a) stakes1            b) logcrib    

 

c) paltwr

Pictured above are the three main structure types included in this category: a) stake beds, b) log cribs, and c) wooden pallets.


Stake Beds
This structure is most often constructed using wooden stakes (as shown above or in the form of stake trees).  One state agency reported the use of river cane in the place of wooden stakes.

Click here for map of states that used this method.

Main reasons used:

  • low cost
  • ease of construction and installation
  • effectiveness

Reported advantages:

  • All reports indicate increased catch rates of sportfish, including largemouth bass (Micropterus salmoides), bluegill (Lepomis macrochirus), and crappie (Pomoxis sp.).

Reported disadvantages:

  • none reported

Recommendations:

  • Structures are sometimes used in conjunction with submerged trees.

Mean reported time to create/place one structure/unit: 5 hrs (range 0.25 – 16, n=6)

Mean reported life of structure/unit: 8 yrs (range 2 – 13, n=6)

Degrees of Satisfaction:
*average ratings on a scale of 1 – 5 with 1 being very satisfied and 5 being very dissatisfied.

  • fish attractor to increase angler catch and harvest  1.5 (n=4)

Related references:

Herrig, D. J., and L. R. Miller.  1985.  Comparison of Berkley Fish Hab and stakebeds in two small Western Iowa impoundments.  Iowa Department of Natural Resources.

Johnson, D. L., and W. E. Lynch, Jr.  1992.  Panfish use of and angler success at evergreen tree, brush, and stake-bed structures.  North American Journal of Fisheries Management 12:222-229.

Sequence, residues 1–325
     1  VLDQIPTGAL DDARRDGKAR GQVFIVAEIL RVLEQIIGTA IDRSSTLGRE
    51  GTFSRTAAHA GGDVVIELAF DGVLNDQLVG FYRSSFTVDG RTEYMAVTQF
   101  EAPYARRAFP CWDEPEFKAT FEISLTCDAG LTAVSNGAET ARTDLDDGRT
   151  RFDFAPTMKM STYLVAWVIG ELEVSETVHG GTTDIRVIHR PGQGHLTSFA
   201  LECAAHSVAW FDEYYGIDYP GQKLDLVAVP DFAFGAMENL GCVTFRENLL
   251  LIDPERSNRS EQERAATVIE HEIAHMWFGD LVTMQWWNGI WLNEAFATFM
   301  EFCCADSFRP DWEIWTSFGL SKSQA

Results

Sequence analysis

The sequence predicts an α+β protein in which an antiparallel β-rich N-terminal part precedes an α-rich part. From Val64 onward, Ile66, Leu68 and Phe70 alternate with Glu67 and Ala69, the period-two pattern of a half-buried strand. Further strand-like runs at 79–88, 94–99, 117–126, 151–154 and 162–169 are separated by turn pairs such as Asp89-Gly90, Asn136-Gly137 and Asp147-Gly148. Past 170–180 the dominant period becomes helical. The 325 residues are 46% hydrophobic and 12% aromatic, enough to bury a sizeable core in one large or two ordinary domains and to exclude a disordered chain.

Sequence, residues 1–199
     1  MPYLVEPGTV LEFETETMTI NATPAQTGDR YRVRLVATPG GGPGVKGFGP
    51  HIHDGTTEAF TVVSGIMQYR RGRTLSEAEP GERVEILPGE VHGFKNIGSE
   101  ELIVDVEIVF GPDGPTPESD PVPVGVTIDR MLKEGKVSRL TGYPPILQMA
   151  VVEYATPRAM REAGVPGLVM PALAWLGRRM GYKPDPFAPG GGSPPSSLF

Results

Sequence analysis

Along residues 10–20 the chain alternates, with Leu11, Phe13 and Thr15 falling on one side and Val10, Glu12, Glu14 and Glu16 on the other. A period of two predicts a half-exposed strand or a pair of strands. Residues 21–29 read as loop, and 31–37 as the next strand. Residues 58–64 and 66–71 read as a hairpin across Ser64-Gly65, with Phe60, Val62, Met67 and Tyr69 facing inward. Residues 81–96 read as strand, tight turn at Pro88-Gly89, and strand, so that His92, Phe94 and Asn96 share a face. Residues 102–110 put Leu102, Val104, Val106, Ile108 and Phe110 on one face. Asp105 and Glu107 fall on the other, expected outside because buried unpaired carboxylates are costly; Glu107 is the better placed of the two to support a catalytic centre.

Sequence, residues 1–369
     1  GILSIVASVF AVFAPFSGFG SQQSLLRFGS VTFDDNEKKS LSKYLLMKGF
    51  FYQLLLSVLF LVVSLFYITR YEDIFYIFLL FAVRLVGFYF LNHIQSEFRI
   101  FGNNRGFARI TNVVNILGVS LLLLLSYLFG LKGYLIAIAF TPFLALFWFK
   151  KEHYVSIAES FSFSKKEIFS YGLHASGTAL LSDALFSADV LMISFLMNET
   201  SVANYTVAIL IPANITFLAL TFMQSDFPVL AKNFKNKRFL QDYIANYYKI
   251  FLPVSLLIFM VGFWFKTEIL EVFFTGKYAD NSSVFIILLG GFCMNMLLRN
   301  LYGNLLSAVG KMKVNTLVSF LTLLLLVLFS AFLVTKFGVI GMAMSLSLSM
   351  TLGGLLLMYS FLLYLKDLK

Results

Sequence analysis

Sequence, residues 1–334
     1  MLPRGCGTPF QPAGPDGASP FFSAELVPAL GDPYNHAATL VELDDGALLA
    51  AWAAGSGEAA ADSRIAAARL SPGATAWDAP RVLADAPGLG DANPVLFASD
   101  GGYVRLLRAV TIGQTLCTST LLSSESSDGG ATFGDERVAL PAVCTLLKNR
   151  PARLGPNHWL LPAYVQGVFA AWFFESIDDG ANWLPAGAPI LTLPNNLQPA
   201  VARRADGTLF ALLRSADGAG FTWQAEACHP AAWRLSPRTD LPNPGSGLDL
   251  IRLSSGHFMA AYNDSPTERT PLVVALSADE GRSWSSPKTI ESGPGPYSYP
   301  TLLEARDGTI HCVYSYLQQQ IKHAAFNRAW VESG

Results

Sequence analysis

Petit, G. D., III.  1972.  Stake beds as crappie concentrators.  Proc. 26th Annual Southeast. Assoc. of Game and Fish Comm. 26:401-406.

Log Cribs
Log cribs consist of square log structures and may contain several layers of brush (e.g., Wisconsin log crib).

Click here for map of states that used this method.

Main reasons used:

  • availability of materials
  • low cost
  • preference for natural materials
  • longevity
  • ease of construction and installation
  • interest of anglers

Reported advantages:

  • none reported

Reported disadvantages:

  • none reported

Recommendations:

  • none reported

Mean reported time to create/place one structure/unit: 17 hrs (range 0.25 – 60, n=4)

Mean reported life of structure/unit:  25 yrs (range 15 – 50, n=4)

Degrees of Satisfaction:
*average ratings on a scale of 1 – 5 with 1 being very satisfied and 5 being very dissatisfied.

  • fish attractor to increase angler catch and harvest  1.0 (n=2)
  • recruitment  1.0 (n=2)
  • adult habitat/sanctuary  1.5 (n=2)

Wooden Pallets
These structures consist of wooden pallets that may be arranged in a variety of different forms.  Pallets may be arranged in a triangle or square and used as individual units or stacked to form pallet towers.  Individual pallets can also be placed vertically in the water column or stacked on top of each other horizontally.

Click here for map of states that used this method.

Main reasons used:

  • low cost
  • availability of materials

Reported advantages:

  • none reported

Reported disadvantages:

  • Depending on the configuration, some structures may be heavy and difficult to move.

Recommendations:

  • Structures are sometimes combined with submerged trees.

Mean reported time to create/place one structure/unit: 6 hrs (range 0.9 – 16, n=7)

Mean reported life of structure/unit:  10 yrs (range 5 – 15, n=7)

Degrees of Satisfaction:
*average ratings on a scale of 1 – 5 with 1 being very satisfied and 5 being very dissatisfied.

  • fish attractor to increase angler catch and harvest  2.1 (n=7)
  • recruitment  2.5 (n=2)

Other Structures

One agency used a floating wood platform to attract sportfish.  This structure was used due to its low cost, ability to withstand water level fluctuations, and the availability of materials.

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